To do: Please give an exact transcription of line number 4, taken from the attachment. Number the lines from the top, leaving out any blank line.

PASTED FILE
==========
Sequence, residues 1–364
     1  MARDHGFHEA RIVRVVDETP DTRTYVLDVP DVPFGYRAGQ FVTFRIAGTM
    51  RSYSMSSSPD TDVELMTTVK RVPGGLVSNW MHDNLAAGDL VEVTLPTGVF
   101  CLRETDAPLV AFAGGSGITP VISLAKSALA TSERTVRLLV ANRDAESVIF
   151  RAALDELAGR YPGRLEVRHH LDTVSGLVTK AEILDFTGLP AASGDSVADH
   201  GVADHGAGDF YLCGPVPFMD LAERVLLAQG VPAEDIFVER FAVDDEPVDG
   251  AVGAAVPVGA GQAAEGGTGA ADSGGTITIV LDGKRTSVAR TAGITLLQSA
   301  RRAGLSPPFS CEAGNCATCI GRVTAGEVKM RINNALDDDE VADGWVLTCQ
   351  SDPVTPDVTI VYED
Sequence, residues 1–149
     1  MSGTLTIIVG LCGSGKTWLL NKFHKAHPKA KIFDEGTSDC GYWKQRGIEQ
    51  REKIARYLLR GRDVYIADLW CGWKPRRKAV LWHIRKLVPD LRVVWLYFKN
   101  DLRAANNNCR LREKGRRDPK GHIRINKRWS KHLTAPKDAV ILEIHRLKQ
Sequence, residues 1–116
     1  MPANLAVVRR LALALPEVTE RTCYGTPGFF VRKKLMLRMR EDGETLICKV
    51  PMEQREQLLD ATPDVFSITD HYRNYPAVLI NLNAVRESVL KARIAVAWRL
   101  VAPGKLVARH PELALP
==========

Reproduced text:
   101  CLRETDAPLV AFAGGSGITP VISLAKSALA TSERTVRLLV ANRDAESVIF